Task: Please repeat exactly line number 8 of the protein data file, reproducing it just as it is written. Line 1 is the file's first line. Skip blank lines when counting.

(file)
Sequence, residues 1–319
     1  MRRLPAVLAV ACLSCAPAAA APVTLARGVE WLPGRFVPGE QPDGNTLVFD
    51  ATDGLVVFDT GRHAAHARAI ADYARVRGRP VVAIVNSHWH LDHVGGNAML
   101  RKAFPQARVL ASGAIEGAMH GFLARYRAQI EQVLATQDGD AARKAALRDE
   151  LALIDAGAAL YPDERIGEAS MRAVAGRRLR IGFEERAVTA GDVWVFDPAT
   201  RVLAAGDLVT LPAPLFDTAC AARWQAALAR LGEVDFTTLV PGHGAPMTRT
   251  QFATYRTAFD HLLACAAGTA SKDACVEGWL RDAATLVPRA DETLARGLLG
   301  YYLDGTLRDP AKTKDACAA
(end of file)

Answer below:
   301  YYLDGTLRDP AKTKDACAA